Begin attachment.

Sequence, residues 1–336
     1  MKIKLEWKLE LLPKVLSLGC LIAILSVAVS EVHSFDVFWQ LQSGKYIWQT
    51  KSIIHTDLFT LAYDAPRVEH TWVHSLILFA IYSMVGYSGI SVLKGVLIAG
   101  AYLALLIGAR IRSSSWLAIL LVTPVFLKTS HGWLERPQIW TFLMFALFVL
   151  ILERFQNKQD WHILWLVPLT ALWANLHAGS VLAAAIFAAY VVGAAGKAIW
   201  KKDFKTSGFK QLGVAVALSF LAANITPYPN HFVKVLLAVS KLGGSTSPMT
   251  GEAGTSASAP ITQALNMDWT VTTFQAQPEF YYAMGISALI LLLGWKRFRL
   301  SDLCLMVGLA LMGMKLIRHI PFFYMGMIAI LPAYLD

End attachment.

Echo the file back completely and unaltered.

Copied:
Sequence, residues 1–336
     1  MKIKLEWKLE LLPKVLSLGC LIAILSVAVS EVHSFDVFWQ LQSGKYIWQT
    51  KSIIHTDLFT LAYDAPRVEH TWVHSLILFA IYSMVGYSGI SVLKGVLIAG
   101  AYLALLIGAR IRSSSWLAIL LVTPVFLKTS HGWLERPQIW TFLMFALFVL
   151  ILERFQNKQD WHILWLVPLT ALWANLHAGS VLAAAIFAAY VVGAAGKAIW
   201  KKDFKTSGFK QLGVAVALSF LAANITPYPN HFVKVLLAVS KLGGSTSPMT
   251  GEAGTSASAP ITQALNMDWT VTTFQAQPEF YYAMGISALI LLLGWKRFRL
   301  SDLCLMVGLA LMGMKLIRHI PFFYMGMIAI LPAYLD